2. Apparatus for cutting tubing into lengths Without leaving a burr comprising, first clamping means for electrically contacting said tubing, second clamping means for electrically contacting said tubing at a position spaced from said first clamping means, means for causing a high current to flow through said tubing between said clamping means to cause heating of the section of said tubing between said clamping means, spring means interposed between said clamping means for applying a continuous tensile force to said tubing to sever the same between said clamping means, and means for electrically insulating said spring means from said clamping means.

References Cited in the file of this patent UNITED STATES PATENTS 2,507,817 Ropp et al. May 16, 1950 2,606,266 Duch et al. Aug. 5, 1952 FOREIGN PATENTS 379,390 Great Britain Sept. 1, 1932 979,200 France Dec. 6, 1950 220,338 Australia July 18, 1957

Patent Citations
Cited PatentFiling datePublication dateApplicantTitle
US2507817 *Dec 9, 1947May 16, 1950Wilbert S BlackstoneMethod and apparatus for heating and forging elongated metal blanks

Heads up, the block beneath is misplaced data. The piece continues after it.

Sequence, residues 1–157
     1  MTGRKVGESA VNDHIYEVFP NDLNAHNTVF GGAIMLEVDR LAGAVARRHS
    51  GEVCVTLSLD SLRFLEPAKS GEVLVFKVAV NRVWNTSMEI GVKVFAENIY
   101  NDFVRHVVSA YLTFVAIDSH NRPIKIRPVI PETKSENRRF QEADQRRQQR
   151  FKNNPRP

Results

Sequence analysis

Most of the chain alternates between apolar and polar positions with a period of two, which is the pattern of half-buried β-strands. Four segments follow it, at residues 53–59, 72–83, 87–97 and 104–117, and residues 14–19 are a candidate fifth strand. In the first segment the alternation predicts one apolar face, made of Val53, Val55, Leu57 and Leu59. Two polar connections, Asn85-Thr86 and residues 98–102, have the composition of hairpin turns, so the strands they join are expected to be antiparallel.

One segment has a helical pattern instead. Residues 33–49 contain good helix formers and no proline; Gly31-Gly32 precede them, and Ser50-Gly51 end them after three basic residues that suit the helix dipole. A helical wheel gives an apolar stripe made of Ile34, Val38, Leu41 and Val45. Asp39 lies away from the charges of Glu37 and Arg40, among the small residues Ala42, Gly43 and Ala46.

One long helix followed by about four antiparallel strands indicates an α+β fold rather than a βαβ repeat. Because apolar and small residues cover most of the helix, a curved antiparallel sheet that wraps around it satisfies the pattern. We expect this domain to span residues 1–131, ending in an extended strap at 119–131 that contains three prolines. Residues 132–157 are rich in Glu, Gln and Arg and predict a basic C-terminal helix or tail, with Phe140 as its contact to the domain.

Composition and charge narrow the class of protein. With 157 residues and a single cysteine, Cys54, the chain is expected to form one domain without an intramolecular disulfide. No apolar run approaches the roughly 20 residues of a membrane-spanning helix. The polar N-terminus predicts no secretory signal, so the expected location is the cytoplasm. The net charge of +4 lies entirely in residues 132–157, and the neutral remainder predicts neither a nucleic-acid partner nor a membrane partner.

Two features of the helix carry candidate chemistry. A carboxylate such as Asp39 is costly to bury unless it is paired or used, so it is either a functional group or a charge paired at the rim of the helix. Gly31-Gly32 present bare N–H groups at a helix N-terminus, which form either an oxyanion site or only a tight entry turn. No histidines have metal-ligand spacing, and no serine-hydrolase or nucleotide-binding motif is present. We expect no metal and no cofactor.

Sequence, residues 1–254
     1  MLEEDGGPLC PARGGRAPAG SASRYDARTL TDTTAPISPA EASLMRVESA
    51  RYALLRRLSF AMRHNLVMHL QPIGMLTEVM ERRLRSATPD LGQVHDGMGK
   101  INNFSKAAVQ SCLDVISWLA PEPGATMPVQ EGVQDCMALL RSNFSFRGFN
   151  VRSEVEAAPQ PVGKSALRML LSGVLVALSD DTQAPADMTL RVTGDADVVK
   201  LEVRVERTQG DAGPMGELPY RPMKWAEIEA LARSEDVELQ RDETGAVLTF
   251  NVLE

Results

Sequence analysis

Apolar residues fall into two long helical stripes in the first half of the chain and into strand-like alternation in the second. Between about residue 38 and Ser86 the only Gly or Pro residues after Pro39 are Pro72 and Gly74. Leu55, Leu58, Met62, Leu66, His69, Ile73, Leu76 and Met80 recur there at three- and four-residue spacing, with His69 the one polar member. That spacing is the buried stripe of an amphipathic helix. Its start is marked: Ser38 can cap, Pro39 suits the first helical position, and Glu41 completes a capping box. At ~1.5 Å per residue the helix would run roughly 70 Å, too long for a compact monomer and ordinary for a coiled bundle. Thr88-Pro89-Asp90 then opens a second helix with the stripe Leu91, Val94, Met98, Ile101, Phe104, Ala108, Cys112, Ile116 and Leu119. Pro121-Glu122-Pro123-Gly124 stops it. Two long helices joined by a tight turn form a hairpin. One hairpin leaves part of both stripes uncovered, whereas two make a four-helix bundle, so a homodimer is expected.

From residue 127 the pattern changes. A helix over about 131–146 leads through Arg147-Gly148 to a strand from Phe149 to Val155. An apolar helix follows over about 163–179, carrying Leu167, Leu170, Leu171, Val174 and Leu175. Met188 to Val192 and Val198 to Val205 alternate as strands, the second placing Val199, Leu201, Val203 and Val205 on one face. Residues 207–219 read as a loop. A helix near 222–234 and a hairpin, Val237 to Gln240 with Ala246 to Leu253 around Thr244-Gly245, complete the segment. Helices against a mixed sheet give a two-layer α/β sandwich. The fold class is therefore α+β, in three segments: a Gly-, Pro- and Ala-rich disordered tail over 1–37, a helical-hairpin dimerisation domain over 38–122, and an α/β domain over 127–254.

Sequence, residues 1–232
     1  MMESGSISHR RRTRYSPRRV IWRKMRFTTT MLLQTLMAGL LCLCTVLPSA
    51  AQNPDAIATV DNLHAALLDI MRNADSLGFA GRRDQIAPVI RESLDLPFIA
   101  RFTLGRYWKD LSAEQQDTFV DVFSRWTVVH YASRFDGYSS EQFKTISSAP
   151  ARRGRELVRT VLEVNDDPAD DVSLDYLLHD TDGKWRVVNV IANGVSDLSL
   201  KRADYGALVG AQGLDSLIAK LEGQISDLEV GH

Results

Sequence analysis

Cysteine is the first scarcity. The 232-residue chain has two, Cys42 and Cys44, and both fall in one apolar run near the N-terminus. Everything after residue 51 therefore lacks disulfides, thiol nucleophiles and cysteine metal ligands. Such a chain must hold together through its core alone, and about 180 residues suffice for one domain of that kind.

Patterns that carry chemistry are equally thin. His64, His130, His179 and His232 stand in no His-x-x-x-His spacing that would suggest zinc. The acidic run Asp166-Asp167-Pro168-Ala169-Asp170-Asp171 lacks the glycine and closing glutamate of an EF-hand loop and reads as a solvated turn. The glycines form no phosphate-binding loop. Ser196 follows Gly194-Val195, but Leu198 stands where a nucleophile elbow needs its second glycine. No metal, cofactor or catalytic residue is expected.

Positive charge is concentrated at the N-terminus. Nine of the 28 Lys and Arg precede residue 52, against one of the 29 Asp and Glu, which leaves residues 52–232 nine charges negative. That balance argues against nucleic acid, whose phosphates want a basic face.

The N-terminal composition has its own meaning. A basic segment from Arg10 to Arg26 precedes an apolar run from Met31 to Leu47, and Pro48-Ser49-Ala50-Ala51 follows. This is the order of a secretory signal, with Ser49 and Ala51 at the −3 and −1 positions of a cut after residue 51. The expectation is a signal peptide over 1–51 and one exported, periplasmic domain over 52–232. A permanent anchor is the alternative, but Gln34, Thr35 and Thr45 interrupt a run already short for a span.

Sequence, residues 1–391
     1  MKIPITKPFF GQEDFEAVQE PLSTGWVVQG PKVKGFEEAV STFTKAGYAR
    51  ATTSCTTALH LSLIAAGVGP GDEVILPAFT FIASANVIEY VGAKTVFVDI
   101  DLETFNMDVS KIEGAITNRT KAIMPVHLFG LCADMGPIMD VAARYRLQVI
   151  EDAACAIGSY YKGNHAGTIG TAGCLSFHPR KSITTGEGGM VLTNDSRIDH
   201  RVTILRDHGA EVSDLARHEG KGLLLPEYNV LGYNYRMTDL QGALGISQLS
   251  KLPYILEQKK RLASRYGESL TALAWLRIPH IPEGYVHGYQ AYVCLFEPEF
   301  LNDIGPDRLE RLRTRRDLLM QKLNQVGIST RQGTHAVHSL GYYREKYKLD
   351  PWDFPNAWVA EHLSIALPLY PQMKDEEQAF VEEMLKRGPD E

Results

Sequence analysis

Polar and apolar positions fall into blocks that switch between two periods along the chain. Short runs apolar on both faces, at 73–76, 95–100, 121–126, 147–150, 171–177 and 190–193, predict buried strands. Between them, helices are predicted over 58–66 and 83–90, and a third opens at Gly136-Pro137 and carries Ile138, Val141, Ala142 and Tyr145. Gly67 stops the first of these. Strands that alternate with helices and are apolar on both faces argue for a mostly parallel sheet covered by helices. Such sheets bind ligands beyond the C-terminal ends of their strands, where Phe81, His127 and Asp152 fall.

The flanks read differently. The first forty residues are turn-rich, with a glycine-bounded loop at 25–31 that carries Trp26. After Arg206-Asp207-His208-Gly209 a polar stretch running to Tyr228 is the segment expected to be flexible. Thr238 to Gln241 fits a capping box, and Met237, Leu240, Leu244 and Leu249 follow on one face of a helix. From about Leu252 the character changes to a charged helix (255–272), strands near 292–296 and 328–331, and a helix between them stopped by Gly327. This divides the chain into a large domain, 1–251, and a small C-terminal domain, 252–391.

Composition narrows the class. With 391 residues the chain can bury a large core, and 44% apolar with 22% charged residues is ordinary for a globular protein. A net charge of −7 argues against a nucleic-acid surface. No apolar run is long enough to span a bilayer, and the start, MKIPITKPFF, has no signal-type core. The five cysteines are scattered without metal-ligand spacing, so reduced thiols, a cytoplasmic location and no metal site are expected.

US2606266 *Mar 24, 1950Aug 5, 1952Duch Marie AdrienneMethod for cutting cables, tubes, bars, rods, and the like
AU220338B * Title not available
FR979200A * Title not available
GB379390A * Title not available
Referenced by
Citing PatentFiling datePublication dateApplicantTitle
US5445001 *Aug 10, 1994Aug 29, 1995General Motors CorporationMethod and apparatus for forming and cutting tubing
US7076987Aug 5, 2004Jul 18, 2006Becton, Dickinson And CompanyMethod of producing tapered or pointed cannula
US7086266Aug 5, 2004Aug 8, 2006Becton, Dickinson And CompanyMethod of producing tapered or pointed cannula
DE102008031222A1 *Jul 3, 2008Jan 14, 2010Benteler Automobiltechnik GmbhApparatus for separating electrically conductive components, e.g. iron plates, has electrodes spaced by gap of specific geometry to apply electric current and fuse connecting bridges
DE102008031222B4 *Jul 3, 2008Jun 17, 2010Benteler Automobiltechnik GmbhTrennvorrichtung und Trennverfahren
WO2006017664A1 *Aug 2, 2005Feb 16, 2006Becton Dickinson CoMethod of producing tapered or pointed cannula
WO2006017665A1 *Aug 2, 2005Feb 16, 2006Becton Dickinson CoMethod of producing tapered or pointed cannula
Classifications
U.S. Classification219/68
International ClassificationB26F3/06, B23K11/22, B23K11/00
Cooperative ClassificationB26F3/06, B23K11/22
European ClassificationB23K11/22, B26F3/06